Sea turtle season has begun: May 1 – October 31
Although May is the “official” start of turtle nesting season on Florida’s West Coast, sea turtles don’t carry calendars. Some have come ashore months earlier, a few stragglers after the official end; Oct. 31.
This year, the Mote’s Sea Turtle Patrol recorded the first sea turtle nests of 2014 on May 6, on Longboat and Casey keys by loggerhead sea turtles. They also recorded a Kemp’s ridley sea turtle — the rarest of all sea turtle species — nested on a Venice Beach.
2012 is still on record as the highest recorded number of turtle nests on the beaches from Longboat Key to Venice with a total of 2,462, according to Mote Marine laboratory statistics. A far cry from the 735 loggerhead nests recorded back in 2007.
Even though protective measures of sea turtles have been in effect for decades, the ebb and flow of sea turtle nests have varied annually. “
We’re starting this season on an optimistic note,” said Kristen Mazzarella, senior biologist with Mote’s Sea Turtle Conservation and Research Program. “We’ve had some very strong nest numbers in recent years, both in Mote’s patrol area and other parts of the state, and we’re excited to collect more data to see how this year stacks up.”
June is the big month for mama sea turtles to lumber ashore at night at the beach of their birth. After laboriously making their way up-beach, they dig their nest and lay upwards of 100 golf-ball- eggs, cover the nest, then make their way back to the Gulf of Mexico.
After the hatch, when baby turtles make their way out of the sand, is when the trouble starts.
Hatchlings are programmed to go downslope from the nest, away from shadows of land and toward the horizon’s lightness.
Shore lights attract them instead, and they end up easy prey for birds, dogs, cats, crabs, ants, and other predators, and often die under auto tires or just dry up and perish.
Beachfront homeowners are required to dim their outdoor lighting during the nesting season, close drapes after dark and put beach furniture far back from the water to protect sea turtles. They need all the protection possible, since only 1 in 1,000 hatchlings live long enough to reach sexual maturity, which can take up to 30 years.
There are heavy state and federal criminal penalties for tampering with turtle nests.
So why should we care about the epic struggle of this ancient species?
Eve Haverfield, founder of Turtle Times, believes that each turtle species plays an important role in the health of our oceans with each contributing a specific function. “For instance,” she insists, “the Green turtle is the farmer of the ocean. It grazes on turtle grasses, which keeps water flow and the area where fish lay their eggs healthy.” If turtle grasses aren’t harvested, they will overgrow like weeds. Then sludge, detritus from the plants, and algae clog the ecosystem.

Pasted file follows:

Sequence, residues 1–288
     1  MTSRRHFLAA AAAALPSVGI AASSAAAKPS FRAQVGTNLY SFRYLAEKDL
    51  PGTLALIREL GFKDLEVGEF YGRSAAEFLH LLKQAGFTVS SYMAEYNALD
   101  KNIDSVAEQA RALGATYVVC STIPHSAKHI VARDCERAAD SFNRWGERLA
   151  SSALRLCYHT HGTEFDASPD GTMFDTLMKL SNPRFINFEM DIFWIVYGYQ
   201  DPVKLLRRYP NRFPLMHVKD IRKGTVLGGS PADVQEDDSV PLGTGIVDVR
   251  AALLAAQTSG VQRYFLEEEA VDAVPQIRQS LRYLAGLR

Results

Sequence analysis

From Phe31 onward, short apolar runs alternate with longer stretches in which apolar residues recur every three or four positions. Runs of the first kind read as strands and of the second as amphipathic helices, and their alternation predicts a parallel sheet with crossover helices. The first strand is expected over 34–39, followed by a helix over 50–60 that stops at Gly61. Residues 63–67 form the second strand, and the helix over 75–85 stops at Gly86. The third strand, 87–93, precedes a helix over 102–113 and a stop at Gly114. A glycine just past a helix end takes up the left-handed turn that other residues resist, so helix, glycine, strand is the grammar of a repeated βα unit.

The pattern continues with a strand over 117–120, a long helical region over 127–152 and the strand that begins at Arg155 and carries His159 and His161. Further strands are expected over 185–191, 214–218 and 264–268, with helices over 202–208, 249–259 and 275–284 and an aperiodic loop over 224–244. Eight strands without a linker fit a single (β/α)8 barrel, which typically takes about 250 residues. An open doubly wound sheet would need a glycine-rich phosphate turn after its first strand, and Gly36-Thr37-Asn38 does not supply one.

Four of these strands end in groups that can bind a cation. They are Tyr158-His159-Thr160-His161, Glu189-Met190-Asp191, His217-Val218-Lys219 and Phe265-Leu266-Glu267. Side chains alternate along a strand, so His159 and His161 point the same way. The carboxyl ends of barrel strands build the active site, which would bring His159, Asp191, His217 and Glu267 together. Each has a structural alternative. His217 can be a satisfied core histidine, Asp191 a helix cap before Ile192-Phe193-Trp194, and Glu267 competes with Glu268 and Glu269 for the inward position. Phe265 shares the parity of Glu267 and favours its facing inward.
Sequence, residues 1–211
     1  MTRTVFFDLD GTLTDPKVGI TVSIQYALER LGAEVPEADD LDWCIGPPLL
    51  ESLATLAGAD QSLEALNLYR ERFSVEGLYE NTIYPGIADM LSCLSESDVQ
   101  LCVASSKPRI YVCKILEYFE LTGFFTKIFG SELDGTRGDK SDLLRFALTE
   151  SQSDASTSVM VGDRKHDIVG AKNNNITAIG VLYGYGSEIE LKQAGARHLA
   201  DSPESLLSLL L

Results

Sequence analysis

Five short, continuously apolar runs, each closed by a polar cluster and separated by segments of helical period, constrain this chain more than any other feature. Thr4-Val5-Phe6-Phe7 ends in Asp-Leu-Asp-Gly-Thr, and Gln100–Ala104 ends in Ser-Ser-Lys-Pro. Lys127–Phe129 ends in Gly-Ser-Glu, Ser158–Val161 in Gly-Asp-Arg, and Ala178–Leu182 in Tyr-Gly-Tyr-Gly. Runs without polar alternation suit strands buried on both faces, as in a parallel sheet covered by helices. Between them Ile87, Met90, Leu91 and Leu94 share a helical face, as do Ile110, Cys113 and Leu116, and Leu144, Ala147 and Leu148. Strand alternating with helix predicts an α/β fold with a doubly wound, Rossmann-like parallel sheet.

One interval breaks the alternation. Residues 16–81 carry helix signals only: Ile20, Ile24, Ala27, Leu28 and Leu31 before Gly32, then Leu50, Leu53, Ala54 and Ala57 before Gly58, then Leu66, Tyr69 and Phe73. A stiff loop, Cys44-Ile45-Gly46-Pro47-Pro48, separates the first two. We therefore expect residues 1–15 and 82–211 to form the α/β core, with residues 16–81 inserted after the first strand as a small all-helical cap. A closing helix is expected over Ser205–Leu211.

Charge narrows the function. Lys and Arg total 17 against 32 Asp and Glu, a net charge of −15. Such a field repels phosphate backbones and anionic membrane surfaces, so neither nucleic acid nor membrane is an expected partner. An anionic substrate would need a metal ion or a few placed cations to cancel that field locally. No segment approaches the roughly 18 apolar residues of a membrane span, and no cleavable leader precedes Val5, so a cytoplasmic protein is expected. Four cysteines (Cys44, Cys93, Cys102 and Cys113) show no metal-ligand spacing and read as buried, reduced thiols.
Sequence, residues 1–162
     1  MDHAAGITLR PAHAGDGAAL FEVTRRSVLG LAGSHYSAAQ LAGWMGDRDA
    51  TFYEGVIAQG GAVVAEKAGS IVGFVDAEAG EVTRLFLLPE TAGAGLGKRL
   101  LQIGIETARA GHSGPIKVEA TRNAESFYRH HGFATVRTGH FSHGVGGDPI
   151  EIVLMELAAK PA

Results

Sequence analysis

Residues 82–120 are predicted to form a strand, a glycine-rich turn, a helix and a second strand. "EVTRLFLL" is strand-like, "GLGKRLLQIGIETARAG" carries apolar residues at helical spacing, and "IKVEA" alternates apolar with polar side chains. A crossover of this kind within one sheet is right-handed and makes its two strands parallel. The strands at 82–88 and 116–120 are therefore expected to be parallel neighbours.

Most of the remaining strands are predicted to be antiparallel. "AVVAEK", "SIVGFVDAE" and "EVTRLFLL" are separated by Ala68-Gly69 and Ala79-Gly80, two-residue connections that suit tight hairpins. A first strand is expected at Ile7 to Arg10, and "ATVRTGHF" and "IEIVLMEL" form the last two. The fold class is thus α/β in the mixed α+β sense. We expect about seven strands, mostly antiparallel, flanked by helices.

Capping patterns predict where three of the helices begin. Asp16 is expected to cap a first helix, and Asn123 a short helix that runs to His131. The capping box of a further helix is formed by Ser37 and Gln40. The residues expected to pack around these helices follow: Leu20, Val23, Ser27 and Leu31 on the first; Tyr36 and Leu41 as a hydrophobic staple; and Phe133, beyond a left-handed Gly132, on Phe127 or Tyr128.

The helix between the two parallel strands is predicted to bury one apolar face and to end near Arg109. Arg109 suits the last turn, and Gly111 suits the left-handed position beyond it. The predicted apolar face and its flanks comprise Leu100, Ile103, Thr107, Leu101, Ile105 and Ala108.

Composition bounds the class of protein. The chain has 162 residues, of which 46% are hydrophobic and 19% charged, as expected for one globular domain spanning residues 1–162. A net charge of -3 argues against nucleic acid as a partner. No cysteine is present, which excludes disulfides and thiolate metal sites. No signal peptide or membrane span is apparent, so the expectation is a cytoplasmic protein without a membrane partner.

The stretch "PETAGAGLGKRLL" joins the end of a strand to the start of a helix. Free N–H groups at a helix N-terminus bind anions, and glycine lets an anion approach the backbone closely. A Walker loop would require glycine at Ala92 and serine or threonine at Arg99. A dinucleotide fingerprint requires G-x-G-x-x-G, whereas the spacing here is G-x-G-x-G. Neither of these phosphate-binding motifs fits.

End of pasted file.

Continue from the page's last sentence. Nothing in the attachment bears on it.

“The Loggerhead is the bulldozer of the ocean floor. It keeps the bottom loose with its massive head, as it digs around looking for food. Loggerheads have huge jaws. They eat conch, and when they break up the conch, some of the tissue feeds other sea animals. “
“The Leatherback eats only jellyfish. And jellyfish eat fish eggs. In those areas that no longer have Leatherbacks – for instance, the Mediterranean – the fishing industry has collapsed, because jellyfish have eaten all the fish eggs.”
“And the Hawksbill? It keeps coral healthy by eating algae and sponges that grow on coral.
Haverfield sees sea turtles as the conservation rangers of the ocean. They help protect our food supply, our recreational and commercial fishing industries, and perhaps unknown elements of the complicated marine ecosystem.
So, what can you do to help protect sea turtles?
- Don’t litter and pick up any trash you see on the beach. Sea turtles can mistake plastic bags, styrofoam, balloons, and other debris as food items. Monofilament fishing line can entangle sea turtles and other wildlife.
- Avoid using flashlights or lanterns on the beach at night.
- Never approach, harass, or shine lights on a sea turtle that comes ashore, or on hatchlings. Stay back at least 20 feet and quietly observe.
- Fill in large holes and flatten sand sculptures before you leave the beach around staked-off turtle areas.
- If you suspect that someone is tampering with a sea turtle nest, harassing a sea turtle or has possession of a sea turtle or any of its parts, please call FWC, your local sheriff’s department at 941-349-2900, and/or call Mote’s Sea Turtle Conservation and Research Program at 941-388-4331.
Mote has posted information about the first nests of sea turtle season, and they’ll continue to post weekly updates on nest numbers, at www.mote.org/2014nesting
Mote Aquarium, Janet Sailian of The Island Sand paper, Fort Myers Bach, Fl, and excerpts from Paul Roat’s past stories contributed to this article.